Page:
But as we've blogged many times (eg here), in terms of per capita GDP - which is all that matters - Labour's mass immigration has brought us no net benefit. Sure, there have been winners - employers, the nannied classes, and the migrants themselves have won - but many indigenous workers have lost, especially low-skilled workers.

These particular chickens are now roosting noisily. And with unemployment soaring, the recent strikes against foreign workers are a dire warning of what lies in store.

Yesterday, we got a clearer fix on Labour's record when the ONS launched a new statistical release on UK and non-UK born employment. Here's the Big Picture:

So over the whole period from 1997 Q2 to 2008 Q4, the number in employment grew by just under 3 million - as we are constantly being told. But nearly two-thirds (62%) of those jobs went to migrants.

Now, you can argue that this is a quid pro quo for our globalised economy, and many UK citizens went to work abroad. Which has some truth.

But you can no longer argue that the inward migration brought a net benefit to our overall living standards. Although it has put considerable additional strain on housing and our public services (see many previous blogs eg here).

And what happens now Brown's jobs are incinerating? Does anyone really think these 2 million newcomers will simply go home again? It is another catastrophe in the making.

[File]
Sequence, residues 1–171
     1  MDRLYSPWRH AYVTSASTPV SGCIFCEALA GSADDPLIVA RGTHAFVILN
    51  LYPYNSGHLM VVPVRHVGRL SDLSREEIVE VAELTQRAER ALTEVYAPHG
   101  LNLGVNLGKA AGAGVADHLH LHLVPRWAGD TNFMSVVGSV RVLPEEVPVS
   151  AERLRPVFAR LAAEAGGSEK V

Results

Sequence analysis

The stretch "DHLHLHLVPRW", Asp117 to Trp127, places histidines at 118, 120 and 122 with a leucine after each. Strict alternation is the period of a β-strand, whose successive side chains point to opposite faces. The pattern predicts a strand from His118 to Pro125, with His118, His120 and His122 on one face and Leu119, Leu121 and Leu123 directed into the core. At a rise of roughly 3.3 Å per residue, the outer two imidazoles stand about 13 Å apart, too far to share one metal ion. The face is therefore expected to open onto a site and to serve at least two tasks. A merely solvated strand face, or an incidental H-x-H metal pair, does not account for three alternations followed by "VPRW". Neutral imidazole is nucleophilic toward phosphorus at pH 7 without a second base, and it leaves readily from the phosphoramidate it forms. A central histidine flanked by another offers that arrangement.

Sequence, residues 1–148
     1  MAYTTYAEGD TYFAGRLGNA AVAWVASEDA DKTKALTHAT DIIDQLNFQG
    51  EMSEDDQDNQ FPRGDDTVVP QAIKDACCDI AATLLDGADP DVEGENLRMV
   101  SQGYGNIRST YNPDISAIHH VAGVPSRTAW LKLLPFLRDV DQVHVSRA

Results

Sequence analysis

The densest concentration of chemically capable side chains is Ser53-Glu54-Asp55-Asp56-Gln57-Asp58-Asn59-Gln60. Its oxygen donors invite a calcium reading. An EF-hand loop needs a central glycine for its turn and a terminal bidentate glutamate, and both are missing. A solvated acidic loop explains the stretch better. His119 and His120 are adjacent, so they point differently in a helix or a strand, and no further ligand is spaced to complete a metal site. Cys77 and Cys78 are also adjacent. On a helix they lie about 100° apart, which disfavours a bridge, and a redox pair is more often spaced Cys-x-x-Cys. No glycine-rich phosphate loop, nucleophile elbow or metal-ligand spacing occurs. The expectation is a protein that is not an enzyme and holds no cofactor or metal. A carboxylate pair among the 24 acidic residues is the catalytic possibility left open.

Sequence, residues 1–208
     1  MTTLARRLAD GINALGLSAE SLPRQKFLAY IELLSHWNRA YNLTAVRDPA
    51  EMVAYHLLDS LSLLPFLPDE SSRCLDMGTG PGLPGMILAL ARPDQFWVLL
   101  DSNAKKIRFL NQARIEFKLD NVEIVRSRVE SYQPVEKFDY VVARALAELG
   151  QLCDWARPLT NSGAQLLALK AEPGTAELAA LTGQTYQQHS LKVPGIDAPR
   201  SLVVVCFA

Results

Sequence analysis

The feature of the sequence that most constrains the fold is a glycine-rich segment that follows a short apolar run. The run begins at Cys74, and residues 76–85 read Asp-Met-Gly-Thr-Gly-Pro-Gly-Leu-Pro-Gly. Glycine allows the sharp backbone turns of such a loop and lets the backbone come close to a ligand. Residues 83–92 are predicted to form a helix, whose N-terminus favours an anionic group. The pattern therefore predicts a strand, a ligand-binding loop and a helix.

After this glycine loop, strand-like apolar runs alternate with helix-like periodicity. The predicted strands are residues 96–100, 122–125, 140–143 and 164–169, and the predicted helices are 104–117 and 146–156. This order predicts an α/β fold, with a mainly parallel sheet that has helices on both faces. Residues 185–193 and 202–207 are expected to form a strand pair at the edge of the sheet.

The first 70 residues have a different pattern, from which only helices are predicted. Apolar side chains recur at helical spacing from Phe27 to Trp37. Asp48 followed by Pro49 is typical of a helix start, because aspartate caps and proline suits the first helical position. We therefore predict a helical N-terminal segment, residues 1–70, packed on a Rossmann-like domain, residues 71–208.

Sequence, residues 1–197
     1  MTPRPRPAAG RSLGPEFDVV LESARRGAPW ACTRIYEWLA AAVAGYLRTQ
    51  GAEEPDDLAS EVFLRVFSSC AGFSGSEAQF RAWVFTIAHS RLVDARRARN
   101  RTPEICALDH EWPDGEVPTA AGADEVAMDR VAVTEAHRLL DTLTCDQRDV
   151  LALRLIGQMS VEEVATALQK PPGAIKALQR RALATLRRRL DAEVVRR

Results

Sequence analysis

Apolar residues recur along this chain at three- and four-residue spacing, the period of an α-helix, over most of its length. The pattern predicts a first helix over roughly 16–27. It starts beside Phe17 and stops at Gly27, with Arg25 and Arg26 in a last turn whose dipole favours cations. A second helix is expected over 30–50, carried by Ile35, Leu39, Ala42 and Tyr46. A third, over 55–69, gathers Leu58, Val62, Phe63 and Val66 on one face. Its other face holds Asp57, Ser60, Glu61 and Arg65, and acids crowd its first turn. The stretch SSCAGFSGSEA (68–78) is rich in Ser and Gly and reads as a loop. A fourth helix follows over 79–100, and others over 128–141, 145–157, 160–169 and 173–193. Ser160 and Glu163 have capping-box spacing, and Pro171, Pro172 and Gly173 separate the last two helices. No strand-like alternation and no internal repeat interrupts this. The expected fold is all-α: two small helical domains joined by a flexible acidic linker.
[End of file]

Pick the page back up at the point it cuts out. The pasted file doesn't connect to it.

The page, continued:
Which is precisely why the "Progressive Consensus" is so aghast that the ONS has published the numbers so openly. Keith WTF-do-we-still-have-to-put-up-with-him Vaz says:

"I think that to put out figures on foreign-born workers on the same day as the release of unemployment statistics is not helpful. The danger is that such information could be misconstrued or misused by those who do not support the view that Britain should be a diverse and multicultural society."

This is the Westminster elite at its patronising deceitful best.

Unfortunately, the cat is out of the bag, and attempting to conceal the facts is only going to inflame people like the Major. What's more, dismissing the strikers on Teeside as xenophobic fascist scum (Mandy's line) is going to make people very angry indeed.

Twenty Fresh Divisions

So are we in danger? Listening to the Great Man himself being grilled by senior MPs on the Parliamentary Liaison Committee this morning, you could easily come to that conclusion.

Although bristling with facts and figures, he seemed totally detached from reality. When confronted with real facts from the real world, he brushed them aside, saying the facts were "out of date", or for some reason weren't relevant.

It was classic final days in the bunker stuff: he didn't actually say he was committing twenty fresh divisions to the front, but he came very close.

So what can we do? Can we survive another 14 months with a dangerous idiot at the controls?

Scary stuff. I may pop down to the Legion carpark later to see if I can find out what the Major's up to.

Wednesday, February 11, 2009

Taxing Jobs

Today's unemployment numbers are dire. 2 million unemployed, redundancies doubled in six months, and those 700,000 vacancies we used to hear so much about down to 479,000 (they'd be even lower but for continued buoyancy in the state-funded Education, Health & Public Administration sector).

The outlook is even worse. Bank Governor King says we are in a "deep recession" with risks "heavily weighted to the downside". Commissar Balls says it's the worst in 100 years.

So can anything be done?

According to Gordo, the solution is to do something not nothing. As we know, that means letting public borrowing rip, bailing out the banks, and printing huge amounts of money.

But what about jobs?